# Linear Measurements in Surveying by Direct Method Reading time: 1 minute

Linear measurements in surveying can be performed by mainly three methods namely direct method, electromagnetic methods and optical methods. The direct method is the common method that employs a chain, tape or any other instrument to measure the linear distance.

Also Read: - Electromagnetic Methods in Surveying

Various methods coming under the direct method of linear measurement are:

1. Linear Measurement by Pacing
2. Linear Measurement by Passometer
3. Linear Measurement by Pedometer
4. Linear Measurement by Odometer and speedometer
5. Linear Measurement by Chaining

## 1. Pacing

The pacing technique is mostly employed in preliminary surveys and explorations. In this method, the surveyor is required to conduct a rough survey quickly. This also roughly check the distance measured by other means.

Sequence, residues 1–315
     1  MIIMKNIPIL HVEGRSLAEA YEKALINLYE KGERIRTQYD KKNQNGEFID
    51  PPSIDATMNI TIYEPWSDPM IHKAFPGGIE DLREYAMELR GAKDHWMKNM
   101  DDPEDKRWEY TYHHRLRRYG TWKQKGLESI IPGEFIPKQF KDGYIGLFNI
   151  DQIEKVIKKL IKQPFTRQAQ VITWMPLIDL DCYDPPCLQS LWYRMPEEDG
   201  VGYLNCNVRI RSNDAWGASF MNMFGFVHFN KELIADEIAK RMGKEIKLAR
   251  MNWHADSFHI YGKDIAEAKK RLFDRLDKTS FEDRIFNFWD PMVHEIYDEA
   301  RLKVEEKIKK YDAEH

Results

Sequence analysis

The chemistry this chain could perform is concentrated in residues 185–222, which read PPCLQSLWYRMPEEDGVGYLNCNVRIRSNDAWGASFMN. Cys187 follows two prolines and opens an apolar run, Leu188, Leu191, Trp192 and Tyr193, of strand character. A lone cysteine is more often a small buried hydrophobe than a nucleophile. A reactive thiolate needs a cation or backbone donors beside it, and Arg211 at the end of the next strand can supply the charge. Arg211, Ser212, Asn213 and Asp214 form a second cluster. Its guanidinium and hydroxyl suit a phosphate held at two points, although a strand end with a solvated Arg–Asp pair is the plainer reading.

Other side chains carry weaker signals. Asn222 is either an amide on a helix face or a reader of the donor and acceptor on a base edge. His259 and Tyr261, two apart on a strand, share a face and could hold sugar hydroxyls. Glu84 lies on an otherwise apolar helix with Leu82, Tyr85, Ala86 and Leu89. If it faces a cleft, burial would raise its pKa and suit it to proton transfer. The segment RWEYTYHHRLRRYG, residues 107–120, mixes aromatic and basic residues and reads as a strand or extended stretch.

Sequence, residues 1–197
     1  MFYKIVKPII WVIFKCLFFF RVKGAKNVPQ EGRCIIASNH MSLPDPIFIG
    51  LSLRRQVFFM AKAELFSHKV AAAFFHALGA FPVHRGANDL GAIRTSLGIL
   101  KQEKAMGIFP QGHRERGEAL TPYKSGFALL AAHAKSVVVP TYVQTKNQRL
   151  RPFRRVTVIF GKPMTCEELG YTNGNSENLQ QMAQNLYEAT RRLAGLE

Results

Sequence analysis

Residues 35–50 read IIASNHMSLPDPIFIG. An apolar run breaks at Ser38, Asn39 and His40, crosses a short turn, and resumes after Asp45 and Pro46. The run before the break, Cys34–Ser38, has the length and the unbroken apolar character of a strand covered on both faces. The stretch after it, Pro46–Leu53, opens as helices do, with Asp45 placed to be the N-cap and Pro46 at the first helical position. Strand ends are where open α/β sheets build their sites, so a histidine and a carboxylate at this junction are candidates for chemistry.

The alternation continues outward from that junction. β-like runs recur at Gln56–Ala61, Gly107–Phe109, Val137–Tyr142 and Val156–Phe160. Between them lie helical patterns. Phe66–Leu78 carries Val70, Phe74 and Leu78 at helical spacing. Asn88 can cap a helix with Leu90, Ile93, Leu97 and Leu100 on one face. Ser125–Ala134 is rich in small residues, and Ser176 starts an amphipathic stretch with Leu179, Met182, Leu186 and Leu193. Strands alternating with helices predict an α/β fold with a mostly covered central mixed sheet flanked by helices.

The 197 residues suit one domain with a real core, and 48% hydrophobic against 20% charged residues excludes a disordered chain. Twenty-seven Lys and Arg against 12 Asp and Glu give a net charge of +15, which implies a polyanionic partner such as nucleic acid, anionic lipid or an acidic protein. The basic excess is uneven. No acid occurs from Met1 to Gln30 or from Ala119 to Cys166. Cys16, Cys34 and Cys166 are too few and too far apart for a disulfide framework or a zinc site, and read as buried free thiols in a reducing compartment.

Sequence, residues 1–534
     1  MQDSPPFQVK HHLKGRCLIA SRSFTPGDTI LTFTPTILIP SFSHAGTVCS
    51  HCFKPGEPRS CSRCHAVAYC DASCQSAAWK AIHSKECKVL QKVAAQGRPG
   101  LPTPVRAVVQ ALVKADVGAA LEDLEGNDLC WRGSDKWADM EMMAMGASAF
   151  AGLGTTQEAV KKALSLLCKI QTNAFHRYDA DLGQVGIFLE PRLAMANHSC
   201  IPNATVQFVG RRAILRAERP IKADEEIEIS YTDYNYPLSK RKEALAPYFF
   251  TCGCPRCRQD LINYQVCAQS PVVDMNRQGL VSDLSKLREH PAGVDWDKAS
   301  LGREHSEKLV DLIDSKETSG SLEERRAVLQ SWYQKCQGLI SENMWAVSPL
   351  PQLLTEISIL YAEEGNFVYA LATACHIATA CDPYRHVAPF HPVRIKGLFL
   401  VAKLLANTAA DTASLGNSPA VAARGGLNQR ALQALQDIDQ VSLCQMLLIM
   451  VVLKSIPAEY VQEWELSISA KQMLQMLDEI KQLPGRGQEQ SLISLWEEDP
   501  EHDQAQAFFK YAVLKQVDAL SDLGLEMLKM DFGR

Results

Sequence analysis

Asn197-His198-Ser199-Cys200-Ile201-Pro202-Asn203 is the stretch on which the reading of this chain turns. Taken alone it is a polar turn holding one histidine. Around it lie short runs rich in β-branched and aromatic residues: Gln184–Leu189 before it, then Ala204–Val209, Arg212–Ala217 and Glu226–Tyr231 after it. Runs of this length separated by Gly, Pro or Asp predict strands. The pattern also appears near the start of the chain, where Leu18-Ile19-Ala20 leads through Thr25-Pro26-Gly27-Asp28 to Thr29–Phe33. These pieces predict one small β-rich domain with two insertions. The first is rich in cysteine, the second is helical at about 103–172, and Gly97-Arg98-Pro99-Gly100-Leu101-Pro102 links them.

In this method, the number of paces between the two points of the line is counted. Knowing the average length of the pace helps to know the length of the line. The length of the pace is dependent on the person who is measuring, the ground, the speed of pacing and the slope of the country.

By walking on an approximate level ground over various lines of known lengths helps to determine the length of one's natural step. Performing pacing over rough ground or on slopes is a difficult process.

## 2. Passometer

The passometer is a watch like instrument that is carried on the person's pocket or tied on the man's leg. This instrument records the paces when the man moves from one point to another.

This technique hence overcomes the monotony and strain in counting the paces by the surveyor. The distance is calculated as the product of the number of paces and the average length of the pace.

## 3. Pedometer

Pedometer is a similar device like passometer that automatically measures the distance. A pedometer is best in measuring the vertical distances.

## 4. Odometer

Odometer is an instrument that measures the number of revolutions of a wheel. The number of revolutions taken to cover the length multiplied by the circumference of the wheel gives the value of the distance covered.